Frequently Asked Questions
How do I change the battery?
Standalone electronic locks require AA or AAA batteries. How long the batteries will last will depend on the frequency of use. For example, an entry level electronic push-button door lock will run approximately 80,000 operations on two AA batteries; a more advanced electronic model will require four AA batteries giving it over 200,000 operations. The batteries are housed in the inside lever handle plate, accessible by removing the battery cover held in place with a small screw or Allen bolt. As there is no need to remove the lock from the door, it only takes a minute or so to change the batteries.
How many codes can I have?
Mechanical push button locks operate using a single four-digit code, so the number of code permutations is counted by the thousand. Mechanical locks only allow each digit to be used once, so, for example, the code 2244 could not be used. Electronic digital locks provide over a million four-, five- or six-digit length codes allowing multiple code combinations, with the ability to delete, suspend, and restore these codes via a master code. Electronic locks may also shut down for a short period of time after three incorrect code attempts. Having more code combinations and an incorrect code function reduces the chance of anyone guessing the combination.
How often do I need to change the code?
Regular code changes will ensure that the locks remain an effective tool for restricting access. Codes should also be changed whenever it is felt that security has been compromised. Most mechanical push-button locks have to be removed from the door before the code can be changed, which takes around 10 minutes to complete. Codes on electronic push-button locks can be changed while the lock is in situ on the door, which takes only a few seconds.
Our leading mechanical lock, the CL600, features quick change - it is one of the only mechanical locks that allows a code change without the lock being removed from the door!
What are release functions?
Electronic push-button locks can be connected to a building’s alarm system to automatically free the lock so the door can be opened without the code in an emergency situation. This is often a requirement in public buildings like hospitals, for example, so that rooms can be quickly checked for occupancy in the event of an emergency. Electronic locks can also be connected to a release button to allow staff to ‘buzz’ in a visitor. This feature can be useful in a reception area of an office building that uses an intercom system on the front door.
What is code-free mode and when would it be used?
'Code-free' mode or 'hold-open' mode is useful when you need to restrict access to a sensitive area out of hours, while allowing free movement without the need to enter a code during the day. One example where ‘code-free’ mode might be used is in a science lab at a university. Staff could open the lab in the morning by entering the code and then put the lock into ‘code free’ mode so that the students can come and go during the day. At lunchtime or at the end of the day access to the lab can once again be restricted.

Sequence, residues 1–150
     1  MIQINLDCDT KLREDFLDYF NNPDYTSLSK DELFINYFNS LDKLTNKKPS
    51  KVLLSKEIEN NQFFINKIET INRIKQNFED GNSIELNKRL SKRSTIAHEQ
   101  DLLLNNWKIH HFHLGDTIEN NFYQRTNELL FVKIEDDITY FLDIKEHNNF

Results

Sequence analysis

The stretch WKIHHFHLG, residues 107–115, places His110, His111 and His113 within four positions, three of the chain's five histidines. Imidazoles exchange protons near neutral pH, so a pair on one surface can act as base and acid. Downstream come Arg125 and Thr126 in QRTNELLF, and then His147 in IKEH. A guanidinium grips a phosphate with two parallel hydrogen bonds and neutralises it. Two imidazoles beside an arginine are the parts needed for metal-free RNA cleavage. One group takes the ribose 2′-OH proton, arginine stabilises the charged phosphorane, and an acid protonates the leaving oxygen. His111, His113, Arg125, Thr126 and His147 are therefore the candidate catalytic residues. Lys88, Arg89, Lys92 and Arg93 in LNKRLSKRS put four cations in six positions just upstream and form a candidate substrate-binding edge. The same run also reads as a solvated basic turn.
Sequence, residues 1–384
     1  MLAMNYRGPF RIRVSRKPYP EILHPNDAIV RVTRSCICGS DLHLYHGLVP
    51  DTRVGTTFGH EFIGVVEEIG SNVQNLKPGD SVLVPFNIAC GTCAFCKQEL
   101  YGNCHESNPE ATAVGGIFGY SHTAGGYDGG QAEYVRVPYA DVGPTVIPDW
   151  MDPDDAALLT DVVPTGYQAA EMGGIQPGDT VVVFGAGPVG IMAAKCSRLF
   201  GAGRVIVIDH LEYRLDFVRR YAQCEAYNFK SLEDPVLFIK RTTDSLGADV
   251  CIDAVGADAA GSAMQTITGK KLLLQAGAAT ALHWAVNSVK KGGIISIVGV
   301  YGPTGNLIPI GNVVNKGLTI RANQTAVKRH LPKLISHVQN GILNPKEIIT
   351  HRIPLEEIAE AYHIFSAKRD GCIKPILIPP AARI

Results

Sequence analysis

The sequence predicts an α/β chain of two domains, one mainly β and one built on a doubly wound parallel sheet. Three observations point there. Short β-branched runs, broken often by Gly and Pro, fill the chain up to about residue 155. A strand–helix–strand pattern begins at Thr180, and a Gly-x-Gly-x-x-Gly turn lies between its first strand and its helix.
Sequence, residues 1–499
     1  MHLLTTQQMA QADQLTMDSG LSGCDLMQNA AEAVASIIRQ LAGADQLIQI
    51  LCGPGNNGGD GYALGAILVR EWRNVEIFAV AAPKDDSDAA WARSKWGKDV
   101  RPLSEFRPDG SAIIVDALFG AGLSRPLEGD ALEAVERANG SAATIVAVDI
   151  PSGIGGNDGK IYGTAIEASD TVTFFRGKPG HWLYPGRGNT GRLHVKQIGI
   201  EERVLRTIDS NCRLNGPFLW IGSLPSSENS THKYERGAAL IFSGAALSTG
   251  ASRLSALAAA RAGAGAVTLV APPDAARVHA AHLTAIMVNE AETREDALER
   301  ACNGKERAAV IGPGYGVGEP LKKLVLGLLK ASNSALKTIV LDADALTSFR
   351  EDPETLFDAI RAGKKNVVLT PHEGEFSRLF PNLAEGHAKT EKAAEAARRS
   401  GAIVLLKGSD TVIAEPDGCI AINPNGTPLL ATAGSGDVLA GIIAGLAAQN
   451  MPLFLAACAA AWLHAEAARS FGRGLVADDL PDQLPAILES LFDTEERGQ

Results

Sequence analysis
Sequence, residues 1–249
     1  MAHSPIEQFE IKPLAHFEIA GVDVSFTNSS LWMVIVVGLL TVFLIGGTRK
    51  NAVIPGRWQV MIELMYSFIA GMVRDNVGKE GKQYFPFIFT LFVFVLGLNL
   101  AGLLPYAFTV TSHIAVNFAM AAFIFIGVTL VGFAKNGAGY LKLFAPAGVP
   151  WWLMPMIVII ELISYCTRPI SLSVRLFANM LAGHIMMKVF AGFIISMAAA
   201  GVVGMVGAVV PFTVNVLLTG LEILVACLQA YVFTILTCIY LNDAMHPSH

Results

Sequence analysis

What should I consider before buying a pushbutton lock?
Before purchasing a lock it is worthwhile examining where and how it will be used and what features it should have. Entry level locks are suitable for light volumes of traffic, whereas heavy duty locks are more robust and are designed for higher volumes. Push-button locks are available in a number of different finishes, such as stainless steel or brass and have either knob or level handles. Some locks have a back-to-back facility, where the push button digits are on both sides of the door. Key override, which allows the use of one key to access multiple locks, is a useful function where facilities managers or maintenance personnel need regular access in a building that has many locks all with different combinations.
What types of push-button locks are there?
Push-button door locks have been on the market for over 20 years and there are now many different products available to suit a variety of access control needs. Push-button locks are either mechanically or electronically operated and can be used as primary locks on internal and external doors. The locks can be fitted to most types of door, including aluminium, wood, even glass. There are push-button locks that can be easily fitted in place of existing key cam locks supplied as standard on a wide range of lockers, cabinets and cupboards. The locks enable the user to implement a quick and cost-effective solution to the problem of unauthorised access and can be fitted as and when needed, one door at a time.
Why should I use push button locks?
Push-button locks are often bought to replace locks with keys. Key management can be a major concern for facility or estates managers looking after large public buildings, like hospitals or universities, for example, where you have large numbers of people constantly moving around. Keys inevitably get lost or stolen, so new keys have to be issued and locks have to be changed, which takes time and money to manage on a large scale. Push-button door locks do away with the need for keys.